Concretely, professor Demeester and his team will investigate whether ATTO technology can be used to provide each individual entity in dense groups of moving objects with a dedicated, ultra high-speed mobile connection of 100Gbps – in combination with extremely low mobile signal delays (less than 10 µs). As such, professor Demeester aims at laying the foundation for a whole new range of mobile applications that require high-performance and instantaneous computing resources. An example includes the creation of intelligent swarms of robots.
Over the past twenty years, mobile communication technologies have had a huge impact on society. What started off with the introduction of mobile telephony has led to the creation of technology that allows us to connect people and things to the Internet.
“And now we should prepare for the next step: integrating intelligent robotics into our daily lives,” claims professor Piet Demeester (iMinds - Ghent University). “In a number of domains – such as manufacturing – robots have become indispensable already, but they still suffer from several shortcomings. Moving forward, flexible swarms of intelligent robots need to be created that interact in perfect harmony with human workers. And the same is to be done in numerous other sectors, such as healthcare, transportation, professional and domestic services, etc. We think ATTO cells could unlock that potential.”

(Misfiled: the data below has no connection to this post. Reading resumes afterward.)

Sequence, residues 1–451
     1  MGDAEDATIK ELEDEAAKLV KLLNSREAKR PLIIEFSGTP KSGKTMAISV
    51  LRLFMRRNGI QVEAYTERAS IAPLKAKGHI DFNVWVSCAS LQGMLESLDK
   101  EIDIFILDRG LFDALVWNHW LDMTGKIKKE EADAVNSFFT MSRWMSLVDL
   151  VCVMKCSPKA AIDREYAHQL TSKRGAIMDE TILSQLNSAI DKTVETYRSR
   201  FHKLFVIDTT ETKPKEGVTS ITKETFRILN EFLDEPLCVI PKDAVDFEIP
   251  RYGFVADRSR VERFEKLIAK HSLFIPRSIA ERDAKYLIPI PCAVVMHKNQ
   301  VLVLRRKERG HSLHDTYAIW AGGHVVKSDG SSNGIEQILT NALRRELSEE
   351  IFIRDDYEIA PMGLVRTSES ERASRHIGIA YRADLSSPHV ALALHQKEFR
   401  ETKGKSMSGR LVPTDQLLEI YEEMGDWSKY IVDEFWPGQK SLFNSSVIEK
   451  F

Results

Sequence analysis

ATTO could be considered an evolution of the wireless small cells technology that surrounds us today already, with large quantities of antennas being installed and each of them covering a limited area (or cell) to enable high-speed wireless broadband. To put it simply: the smaller the cell becomes, the higher the speed that can be accommodated. This process has taken us from macrocells to picocells, femtocells and, going forward, ATTO cells.
“Experimenting with the ATTO technology, one option is to build ATTO antennas in floor tiles. That way, we can limit the distance between the fiber-fed antennas and the receiving objects (driving robots, feet of walking robots or even shoes of humans) to a maximum of 10 centimeters – and realize bitrates of 100Gbps (both upstream and downstream). That is ten times the speed of the upcoming 5G technology,” explains Piet Demeester. “Next to solving challenges such as confining crosstalk between ATTO cells, reducing ATTO’s power consumption, and making sure it is a reliable technology, we will also investigate how its latency (or mobile signal delay) can be limited. Especially the latter will be crucial to accommodate real-time interactions based on distributed, high-performance computing. For certain applications, we target a latency of 10 µs – which is several orders of magnitude better than 5G’s latency of five milliseconds.”
The iMinds - Ghent University researchers expect that ATTO will support the deployment of highly-demanding wireless services in application domains such as reconfigurable robot factories, intelligent hospitals, flexible offices, smart schools, etc. In the longer term, ATTO could be instrumental in the creation of large mobile robot swarms, enabling individual robots to tap in to the computing power of the other robots in the swarm and/or local computing power in their immediate environment. The researchers even see ATTO as a potential enabler to develop advanced brain-computer interfaces that augment (or repair) human cognitive or sensory-motor functions.